You are here: Home Faculty Core Faculty Brown, Carolyn

Faculty Photo
Photo Credit: Nick Romanenko
Front row: (L-R) Nancy Sinkoff, Paul Hanebrink, James Delbourgo, Rudy Bell, Paul Israel, Paul G. E. Clemens
2nd: Judith Surkis, Matt Matsuda, Carolyn Brown, Johanna Schoen, Walter Rucker, Marisa Fuentes, Bayo Holsey, Samantha Kelly, Toby C. Jones
3rd: Jackson Lears, Seth Koven, Gail Triner, Ann Fabian, Barbara M. Cooper, Temma Kaplan, Melissa Feinberg
Last: Louis Masur, Jamie Pietruska, Mark Wasserman, David Greenberg, Alastair Bellany, Steven Reinert, Deborah Gray White, Norman Markowitz, John W. Chambers, Virginia Yans, Leah DeVun, Camilla Townsend, Sarolta Takacs, Don Roden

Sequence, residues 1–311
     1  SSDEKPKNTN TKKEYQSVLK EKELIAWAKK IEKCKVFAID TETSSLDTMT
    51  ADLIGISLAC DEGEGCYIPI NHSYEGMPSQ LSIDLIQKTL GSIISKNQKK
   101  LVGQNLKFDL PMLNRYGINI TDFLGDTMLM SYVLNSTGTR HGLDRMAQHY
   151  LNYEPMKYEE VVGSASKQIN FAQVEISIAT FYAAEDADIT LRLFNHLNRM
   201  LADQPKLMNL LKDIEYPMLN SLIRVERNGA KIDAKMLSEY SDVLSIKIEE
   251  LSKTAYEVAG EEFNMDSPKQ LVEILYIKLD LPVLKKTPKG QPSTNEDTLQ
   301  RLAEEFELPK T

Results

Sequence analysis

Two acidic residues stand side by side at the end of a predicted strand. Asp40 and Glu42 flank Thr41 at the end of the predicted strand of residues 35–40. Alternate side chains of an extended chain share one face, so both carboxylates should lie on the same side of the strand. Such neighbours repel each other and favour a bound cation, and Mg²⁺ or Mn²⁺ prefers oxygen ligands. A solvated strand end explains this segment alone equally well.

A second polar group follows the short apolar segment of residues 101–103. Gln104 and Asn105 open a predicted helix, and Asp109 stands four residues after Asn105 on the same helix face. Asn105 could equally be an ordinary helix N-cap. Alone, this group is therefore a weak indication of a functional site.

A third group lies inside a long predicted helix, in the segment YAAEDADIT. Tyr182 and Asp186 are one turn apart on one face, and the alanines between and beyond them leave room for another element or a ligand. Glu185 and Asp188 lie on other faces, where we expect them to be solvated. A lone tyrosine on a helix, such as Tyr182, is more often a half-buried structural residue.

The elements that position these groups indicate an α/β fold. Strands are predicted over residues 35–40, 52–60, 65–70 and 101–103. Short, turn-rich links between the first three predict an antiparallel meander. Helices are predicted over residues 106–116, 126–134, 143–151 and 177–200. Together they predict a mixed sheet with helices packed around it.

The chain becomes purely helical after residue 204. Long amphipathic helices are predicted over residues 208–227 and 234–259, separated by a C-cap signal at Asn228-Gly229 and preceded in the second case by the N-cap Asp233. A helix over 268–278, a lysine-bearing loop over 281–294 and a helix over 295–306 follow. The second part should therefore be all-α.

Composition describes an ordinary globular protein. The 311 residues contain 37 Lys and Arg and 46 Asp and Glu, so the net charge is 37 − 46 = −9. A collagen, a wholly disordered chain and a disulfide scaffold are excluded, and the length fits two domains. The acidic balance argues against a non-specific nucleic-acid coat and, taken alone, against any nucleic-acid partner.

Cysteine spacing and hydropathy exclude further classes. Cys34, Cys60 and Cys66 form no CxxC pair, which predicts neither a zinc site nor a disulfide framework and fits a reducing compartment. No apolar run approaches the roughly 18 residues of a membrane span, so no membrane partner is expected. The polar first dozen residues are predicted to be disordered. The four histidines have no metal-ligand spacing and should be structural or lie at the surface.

Carolyn Brown

Associate Professor of History

Ph.D., 1985 Department of History, Columbia University

M. Phil., 1983 Department of History, Columbia University

M.I.A., 1969 School of International and Public Affairs, Columbia University

B.A., 1966 Hiram College, Hiram, Ohio

110 Van Dyck Hall
848-932-8569
This email address is being protected from spambots. You need JavaScript enabled to view it.
http://ruafrica.rutgers.edu

 

RESEARCH INTERESTS